John Barbirolli

Barbirolli Live Recordings, 1937-1943

(CD - Guild Historical #2330/31)

Review by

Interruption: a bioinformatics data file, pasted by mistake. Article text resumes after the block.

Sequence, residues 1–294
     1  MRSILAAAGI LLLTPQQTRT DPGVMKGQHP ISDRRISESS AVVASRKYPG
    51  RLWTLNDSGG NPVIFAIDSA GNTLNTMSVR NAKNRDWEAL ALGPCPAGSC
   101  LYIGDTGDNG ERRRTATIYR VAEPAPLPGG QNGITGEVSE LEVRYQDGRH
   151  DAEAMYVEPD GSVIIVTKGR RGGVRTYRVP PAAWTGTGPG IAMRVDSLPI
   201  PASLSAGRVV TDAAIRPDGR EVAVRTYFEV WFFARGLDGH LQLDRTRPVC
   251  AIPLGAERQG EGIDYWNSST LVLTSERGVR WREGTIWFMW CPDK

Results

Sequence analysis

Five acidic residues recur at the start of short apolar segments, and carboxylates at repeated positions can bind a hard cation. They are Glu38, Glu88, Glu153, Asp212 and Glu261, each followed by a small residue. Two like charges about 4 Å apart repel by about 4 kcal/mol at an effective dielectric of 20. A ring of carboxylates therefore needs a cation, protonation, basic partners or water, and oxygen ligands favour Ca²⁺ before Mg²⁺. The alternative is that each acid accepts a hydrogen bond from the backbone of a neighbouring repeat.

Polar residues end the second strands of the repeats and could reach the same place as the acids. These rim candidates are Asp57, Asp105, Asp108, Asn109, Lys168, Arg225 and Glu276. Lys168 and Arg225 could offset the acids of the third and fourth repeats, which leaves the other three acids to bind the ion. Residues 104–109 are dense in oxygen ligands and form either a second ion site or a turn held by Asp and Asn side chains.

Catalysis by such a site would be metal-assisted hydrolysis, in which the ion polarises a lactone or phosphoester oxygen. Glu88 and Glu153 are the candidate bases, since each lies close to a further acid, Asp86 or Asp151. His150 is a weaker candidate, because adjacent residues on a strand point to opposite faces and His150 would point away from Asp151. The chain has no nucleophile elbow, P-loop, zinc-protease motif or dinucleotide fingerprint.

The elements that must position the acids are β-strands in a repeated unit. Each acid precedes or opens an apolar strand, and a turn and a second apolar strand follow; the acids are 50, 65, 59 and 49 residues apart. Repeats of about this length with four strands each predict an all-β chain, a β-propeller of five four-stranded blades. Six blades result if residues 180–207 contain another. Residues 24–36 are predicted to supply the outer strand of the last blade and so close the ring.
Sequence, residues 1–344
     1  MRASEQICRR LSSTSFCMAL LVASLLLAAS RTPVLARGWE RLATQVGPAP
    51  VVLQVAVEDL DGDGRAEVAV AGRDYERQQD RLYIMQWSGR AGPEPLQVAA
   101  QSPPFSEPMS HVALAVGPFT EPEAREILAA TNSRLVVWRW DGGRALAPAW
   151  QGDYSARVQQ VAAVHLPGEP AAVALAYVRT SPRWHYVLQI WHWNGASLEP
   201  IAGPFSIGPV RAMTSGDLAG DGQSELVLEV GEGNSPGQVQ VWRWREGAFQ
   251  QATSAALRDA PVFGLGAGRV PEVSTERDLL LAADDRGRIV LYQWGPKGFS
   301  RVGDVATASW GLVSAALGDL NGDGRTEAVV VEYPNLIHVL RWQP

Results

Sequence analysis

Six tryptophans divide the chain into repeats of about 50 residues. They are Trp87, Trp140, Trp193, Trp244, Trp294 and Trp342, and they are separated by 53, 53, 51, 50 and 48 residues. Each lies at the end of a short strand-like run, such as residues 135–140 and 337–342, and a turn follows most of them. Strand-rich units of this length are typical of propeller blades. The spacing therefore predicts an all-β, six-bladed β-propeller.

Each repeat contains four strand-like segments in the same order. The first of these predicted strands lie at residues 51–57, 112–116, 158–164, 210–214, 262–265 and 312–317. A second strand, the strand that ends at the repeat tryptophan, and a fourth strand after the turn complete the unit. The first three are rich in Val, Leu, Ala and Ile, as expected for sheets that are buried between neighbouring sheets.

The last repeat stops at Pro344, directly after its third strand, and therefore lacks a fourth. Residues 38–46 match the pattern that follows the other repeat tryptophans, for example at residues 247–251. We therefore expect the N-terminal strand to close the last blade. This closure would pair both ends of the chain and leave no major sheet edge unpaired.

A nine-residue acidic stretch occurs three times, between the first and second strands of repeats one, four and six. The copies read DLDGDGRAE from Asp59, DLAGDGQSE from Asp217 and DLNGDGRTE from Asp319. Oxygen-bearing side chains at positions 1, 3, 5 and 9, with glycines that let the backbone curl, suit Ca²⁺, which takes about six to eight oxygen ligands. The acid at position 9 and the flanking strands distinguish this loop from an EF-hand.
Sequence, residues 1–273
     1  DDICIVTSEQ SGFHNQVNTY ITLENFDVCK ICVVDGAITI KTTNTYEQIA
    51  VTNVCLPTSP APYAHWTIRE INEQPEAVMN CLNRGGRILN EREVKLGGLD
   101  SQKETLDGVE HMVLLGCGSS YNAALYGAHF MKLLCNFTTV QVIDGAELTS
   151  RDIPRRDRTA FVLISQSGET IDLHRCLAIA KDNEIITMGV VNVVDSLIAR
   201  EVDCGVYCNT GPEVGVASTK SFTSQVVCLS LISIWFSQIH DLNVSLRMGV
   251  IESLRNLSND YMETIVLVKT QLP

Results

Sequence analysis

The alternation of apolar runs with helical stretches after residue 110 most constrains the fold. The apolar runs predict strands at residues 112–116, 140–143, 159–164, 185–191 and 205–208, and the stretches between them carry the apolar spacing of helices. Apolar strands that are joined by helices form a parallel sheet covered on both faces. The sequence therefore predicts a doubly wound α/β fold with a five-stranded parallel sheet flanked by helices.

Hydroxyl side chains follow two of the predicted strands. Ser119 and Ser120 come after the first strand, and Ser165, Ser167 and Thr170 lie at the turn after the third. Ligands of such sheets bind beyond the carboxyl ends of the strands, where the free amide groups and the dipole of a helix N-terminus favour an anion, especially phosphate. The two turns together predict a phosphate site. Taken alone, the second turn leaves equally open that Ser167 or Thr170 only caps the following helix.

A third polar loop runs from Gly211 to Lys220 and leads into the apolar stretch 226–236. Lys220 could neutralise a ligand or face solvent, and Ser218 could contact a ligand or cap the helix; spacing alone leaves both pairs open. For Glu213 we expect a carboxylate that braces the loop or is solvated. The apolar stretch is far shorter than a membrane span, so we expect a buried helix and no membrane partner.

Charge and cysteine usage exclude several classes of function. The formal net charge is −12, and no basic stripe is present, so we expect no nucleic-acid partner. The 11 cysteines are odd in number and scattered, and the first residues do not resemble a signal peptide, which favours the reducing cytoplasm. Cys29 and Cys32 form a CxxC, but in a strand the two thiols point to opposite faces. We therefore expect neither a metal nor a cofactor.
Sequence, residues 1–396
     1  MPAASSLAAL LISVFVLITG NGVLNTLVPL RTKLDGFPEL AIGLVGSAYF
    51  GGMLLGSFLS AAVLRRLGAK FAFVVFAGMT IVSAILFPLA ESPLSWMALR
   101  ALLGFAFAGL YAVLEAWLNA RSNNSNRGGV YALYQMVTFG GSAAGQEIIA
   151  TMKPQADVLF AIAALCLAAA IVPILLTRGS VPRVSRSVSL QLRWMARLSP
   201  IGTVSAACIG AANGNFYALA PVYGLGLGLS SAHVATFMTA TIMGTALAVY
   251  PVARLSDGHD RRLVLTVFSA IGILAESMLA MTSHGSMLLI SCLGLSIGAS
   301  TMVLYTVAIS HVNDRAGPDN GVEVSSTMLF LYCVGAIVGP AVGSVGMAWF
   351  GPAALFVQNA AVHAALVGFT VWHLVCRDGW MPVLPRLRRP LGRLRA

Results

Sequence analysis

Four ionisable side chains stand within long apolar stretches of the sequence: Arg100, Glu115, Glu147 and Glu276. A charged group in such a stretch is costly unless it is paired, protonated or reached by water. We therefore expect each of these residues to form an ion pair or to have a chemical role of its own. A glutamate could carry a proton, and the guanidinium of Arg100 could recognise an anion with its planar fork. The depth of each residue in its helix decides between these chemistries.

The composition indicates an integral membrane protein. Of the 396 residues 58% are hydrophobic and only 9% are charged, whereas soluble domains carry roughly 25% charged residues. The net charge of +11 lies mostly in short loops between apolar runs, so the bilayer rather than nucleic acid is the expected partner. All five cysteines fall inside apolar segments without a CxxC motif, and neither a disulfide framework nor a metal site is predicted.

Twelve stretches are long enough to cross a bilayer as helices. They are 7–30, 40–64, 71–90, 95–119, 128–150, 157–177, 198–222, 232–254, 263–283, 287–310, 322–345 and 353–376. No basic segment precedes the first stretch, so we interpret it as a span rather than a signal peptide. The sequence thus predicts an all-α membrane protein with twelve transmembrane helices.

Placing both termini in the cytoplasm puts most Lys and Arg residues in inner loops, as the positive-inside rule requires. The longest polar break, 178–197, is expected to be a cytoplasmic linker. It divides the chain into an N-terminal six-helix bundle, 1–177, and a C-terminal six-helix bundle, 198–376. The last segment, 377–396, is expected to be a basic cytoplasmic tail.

If you admire the conducting of John Barbirolli, you'll have to check out this first-rate set of performances drawn from his time with the New York Philharmonic in the late '30s and early '40s. Included here are three large-scale works here -- a 1939 Franck Symphony, a 1937 Debussy Iberia, and a 1939 Brahms Double Concerto with violinist Albert Spalding and cellist Gaspar Cassadò -- plus five shorter works and even a bonus track to document the English conductor's time with the American orchestra. Arturo Toscanini, the orchestra's Italian conductor, had peremptorily resigned in spring 1937, and Barbirolli, a promising newcomer at 36, was offered a six-year contract. As the evidence of these recordings demonstrates, the orchestra sounded great under Barbirolli with rich colors, a strong tone, a rich sound, a polished ensemble, and a precise attack. And as proved by their performance, the players clearly loved Barbirolli. After years under the irascible Italian, Barbirolli's honest humanity won him the orchestra's open affection, and their performances here have a glowing warmth that their performances for Toscanini cannot touch. Barbirolli in his youth was a cellist-turned-conductor whose enormous enthusiasm was no less than his immense talent, and these performances are astoundingly passionate and astonishingly virtuosic. Check out the extraordinary power of the climax of Berlioz's Benvenuto Cellini Overture, the ravishing sonorities in Griffes' The White Peacock, or the robust rhythms of the closing Vivace non troppo of Brahms Concerto. In every way, these performances show that Barbirolli was his own man and his own musician -- and a man and a musician not one bit less worthy as Toscanini. Guild's sound is exceedingly antique and spotted with technical glitches, but clear enough to let the performances shine through.

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